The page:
HP NANOTECH: PARTNERSHIP WITH CNSI Harvard Case Solution & Analysis


Problem Statement

            Stan Williams is one of the leading nanotech researchers at HP Laboratories and he must review that whether HP needs to renew its sponsorship with the California NanoSystems Institute, send the funds on internal research and development within the research labs or form contracts with the foreign universities. This case illustrates the challenges which are encountered in forming a partnership between a firm and a university and also develops implications for the national competitiveness.

Question 1

What should Stanley Williams do? Renew the relationship, do the research internally, or contract with foreign universities?

            The partnership with the California NanoSystems Institute has come to an end after a period of 4 years. Now the time had come for Stanley Williams to decide that, whether HP should renew its partnership with California NanoSystems Institute, conduct the research internally through its research labs or contract with the other foreign universities. Each of these three options is discussed individually, and then a final recommendation has been made as follows:

Renew the Relationship with California NanoSystems Institute

            When the original agreement had been discussed by Williams and Witkin who was the university relations program manager, there were a number of different issues which had delayed the signings of the memorandum of understanding and the sponsored research agreement. It was in August 2001 that a concrete draft had been formed for MoU and brought to the table however, it became immediately apparent that there were fundamental differences in the way both the parties wanted the agreement to be constructed. It was not before March 13, 2003 that the agreement was signed and the four year period had begun.

Now William was considering that whether HP needs to renew the partnership with California NanoSystems Institute or not. This decision would depend upon the performance of the partnership and the contribution made by California NanoSystems Institute to the research labs of HP. Exhibit 6 shows the timeline of the whole process of the establishment of the agreement between California NanoSystems Institute and HP and it shows a number of the problems. First of all, there had been a miscommunication gap about the host of the benefits which would flow to HP in return for the sponsorship. Apart from this, the issue of licensing had also become another major obstacle in the way of the partnership.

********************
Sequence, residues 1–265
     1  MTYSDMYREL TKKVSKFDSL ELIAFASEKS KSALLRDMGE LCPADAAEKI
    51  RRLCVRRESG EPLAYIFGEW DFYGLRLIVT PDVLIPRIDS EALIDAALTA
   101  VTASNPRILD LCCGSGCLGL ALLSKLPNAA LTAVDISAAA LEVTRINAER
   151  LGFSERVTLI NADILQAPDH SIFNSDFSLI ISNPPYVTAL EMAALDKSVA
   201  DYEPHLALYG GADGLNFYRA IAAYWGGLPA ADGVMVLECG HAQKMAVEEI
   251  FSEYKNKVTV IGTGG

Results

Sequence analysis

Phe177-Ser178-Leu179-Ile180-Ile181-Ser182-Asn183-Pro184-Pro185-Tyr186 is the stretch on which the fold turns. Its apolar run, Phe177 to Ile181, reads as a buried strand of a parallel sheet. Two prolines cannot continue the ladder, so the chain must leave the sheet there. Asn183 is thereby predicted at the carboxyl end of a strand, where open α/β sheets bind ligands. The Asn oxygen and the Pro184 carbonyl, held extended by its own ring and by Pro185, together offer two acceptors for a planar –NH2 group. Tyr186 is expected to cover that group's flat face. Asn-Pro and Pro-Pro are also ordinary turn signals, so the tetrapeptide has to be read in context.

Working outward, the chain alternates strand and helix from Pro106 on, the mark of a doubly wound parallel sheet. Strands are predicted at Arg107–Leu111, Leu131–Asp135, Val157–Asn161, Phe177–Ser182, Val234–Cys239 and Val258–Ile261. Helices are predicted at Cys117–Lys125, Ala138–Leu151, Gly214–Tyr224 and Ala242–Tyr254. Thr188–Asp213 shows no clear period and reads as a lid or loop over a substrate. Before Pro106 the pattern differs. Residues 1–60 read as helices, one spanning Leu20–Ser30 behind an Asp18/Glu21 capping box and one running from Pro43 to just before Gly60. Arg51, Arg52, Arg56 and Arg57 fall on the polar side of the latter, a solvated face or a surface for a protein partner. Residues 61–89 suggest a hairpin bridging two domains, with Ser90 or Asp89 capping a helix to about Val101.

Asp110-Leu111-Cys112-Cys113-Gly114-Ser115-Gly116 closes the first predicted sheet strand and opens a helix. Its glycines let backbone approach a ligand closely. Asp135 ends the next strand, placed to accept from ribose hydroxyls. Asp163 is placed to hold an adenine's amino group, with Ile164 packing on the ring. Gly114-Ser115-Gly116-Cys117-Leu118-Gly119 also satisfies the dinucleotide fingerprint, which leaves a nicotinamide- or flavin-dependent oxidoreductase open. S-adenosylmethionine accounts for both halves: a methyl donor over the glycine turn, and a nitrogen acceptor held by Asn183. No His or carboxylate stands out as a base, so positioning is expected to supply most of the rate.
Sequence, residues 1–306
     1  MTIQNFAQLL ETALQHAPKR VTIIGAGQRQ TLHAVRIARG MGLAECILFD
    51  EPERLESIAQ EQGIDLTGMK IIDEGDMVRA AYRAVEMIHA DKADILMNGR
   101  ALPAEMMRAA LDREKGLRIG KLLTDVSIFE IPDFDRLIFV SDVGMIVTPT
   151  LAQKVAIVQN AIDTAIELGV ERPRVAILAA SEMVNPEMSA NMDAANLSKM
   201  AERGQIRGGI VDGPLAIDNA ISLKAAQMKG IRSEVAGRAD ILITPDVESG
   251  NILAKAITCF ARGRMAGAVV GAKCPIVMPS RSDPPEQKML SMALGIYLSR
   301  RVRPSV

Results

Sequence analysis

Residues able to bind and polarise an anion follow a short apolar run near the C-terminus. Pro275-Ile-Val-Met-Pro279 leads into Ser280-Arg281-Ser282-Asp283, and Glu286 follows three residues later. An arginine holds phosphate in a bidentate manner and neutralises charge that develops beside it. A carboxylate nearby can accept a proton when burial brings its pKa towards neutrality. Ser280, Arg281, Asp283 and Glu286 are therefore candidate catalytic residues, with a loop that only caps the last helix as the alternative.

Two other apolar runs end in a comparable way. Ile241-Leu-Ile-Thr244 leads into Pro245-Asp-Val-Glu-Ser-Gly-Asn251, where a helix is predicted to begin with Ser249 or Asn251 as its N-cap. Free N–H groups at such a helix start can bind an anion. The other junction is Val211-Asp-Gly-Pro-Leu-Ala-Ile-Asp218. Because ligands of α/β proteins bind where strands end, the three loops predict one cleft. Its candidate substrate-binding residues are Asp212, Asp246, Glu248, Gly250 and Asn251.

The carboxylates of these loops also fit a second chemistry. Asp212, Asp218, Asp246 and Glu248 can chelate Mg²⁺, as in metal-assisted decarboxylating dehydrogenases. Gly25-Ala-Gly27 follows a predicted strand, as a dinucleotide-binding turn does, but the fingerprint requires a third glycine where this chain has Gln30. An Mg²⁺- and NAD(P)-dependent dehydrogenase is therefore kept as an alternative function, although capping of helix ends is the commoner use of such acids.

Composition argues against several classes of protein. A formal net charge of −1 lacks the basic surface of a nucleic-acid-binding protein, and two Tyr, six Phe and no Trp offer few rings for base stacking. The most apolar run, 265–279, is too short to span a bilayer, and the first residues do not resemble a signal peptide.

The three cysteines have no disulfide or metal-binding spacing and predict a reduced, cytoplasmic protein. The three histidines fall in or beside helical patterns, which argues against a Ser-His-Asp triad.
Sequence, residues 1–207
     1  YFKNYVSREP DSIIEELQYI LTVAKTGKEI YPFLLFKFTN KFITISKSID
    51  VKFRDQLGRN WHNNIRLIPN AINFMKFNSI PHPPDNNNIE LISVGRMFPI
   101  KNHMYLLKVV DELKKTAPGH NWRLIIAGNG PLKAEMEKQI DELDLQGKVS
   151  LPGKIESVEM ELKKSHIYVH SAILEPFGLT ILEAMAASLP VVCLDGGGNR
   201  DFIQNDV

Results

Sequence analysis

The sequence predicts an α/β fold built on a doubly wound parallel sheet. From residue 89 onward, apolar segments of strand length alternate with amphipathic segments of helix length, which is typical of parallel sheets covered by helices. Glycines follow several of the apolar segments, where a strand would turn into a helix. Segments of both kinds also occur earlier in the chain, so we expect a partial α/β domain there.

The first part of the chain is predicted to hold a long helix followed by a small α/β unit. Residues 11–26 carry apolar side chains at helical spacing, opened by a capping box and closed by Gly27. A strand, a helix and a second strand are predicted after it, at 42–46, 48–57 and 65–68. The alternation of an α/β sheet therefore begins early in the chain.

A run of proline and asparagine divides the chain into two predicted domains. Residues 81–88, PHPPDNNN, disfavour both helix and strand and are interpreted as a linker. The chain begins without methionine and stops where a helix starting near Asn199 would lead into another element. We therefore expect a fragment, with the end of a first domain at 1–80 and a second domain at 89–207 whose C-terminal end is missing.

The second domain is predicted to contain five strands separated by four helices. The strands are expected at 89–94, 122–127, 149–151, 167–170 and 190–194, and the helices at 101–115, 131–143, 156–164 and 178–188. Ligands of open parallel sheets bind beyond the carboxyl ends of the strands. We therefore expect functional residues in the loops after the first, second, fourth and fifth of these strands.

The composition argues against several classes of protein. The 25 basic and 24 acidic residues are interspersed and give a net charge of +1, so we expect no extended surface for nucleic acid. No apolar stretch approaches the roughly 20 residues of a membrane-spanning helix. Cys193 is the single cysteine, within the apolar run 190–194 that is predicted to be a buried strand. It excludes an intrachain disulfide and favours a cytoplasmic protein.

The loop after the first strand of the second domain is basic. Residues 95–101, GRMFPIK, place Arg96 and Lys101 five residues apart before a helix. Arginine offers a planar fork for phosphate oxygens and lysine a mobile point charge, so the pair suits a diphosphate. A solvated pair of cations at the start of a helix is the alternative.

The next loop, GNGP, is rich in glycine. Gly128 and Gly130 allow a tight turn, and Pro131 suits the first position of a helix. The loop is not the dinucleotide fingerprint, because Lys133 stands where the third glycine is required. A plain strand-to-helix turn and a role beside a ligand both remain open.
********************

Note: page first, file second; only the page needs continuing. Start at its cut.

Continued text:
This was because HP had demanded a nonexclusive royalty free licensing to the new technologies which would be developed at California Nano Systems Institute. However, this meant that HP would not be paying any royalty fees such as the percentage of sales. This was against the UCLAs legal counsel and also against the practice of UC. The main problem was that this funding might be viewed as a last resort by many of the faculties.

Therefore, provided all such issues are resolved in advance and a royalty fee is paid to California Nano Systems Institute for the technologies developed by the institute, HP should reinvest in the partnership. Most of the terms of MoU and SRA would remain same however, the problems in the original agreement need to be resolved. These problems would be further discussed in the next question. Apart from this, the California Nano Systems Institute had proved to be a good source of support in nanotechnology development for HP over the period of the agreement which is four years. The works of the labs were also well under way with publication, symposi a and joint research and new knowledge had also been flowing from California Nano Systems Institute to HP. The financial performance is also good for HP till 2004 as shown in exhibit 1 in the appendix...................

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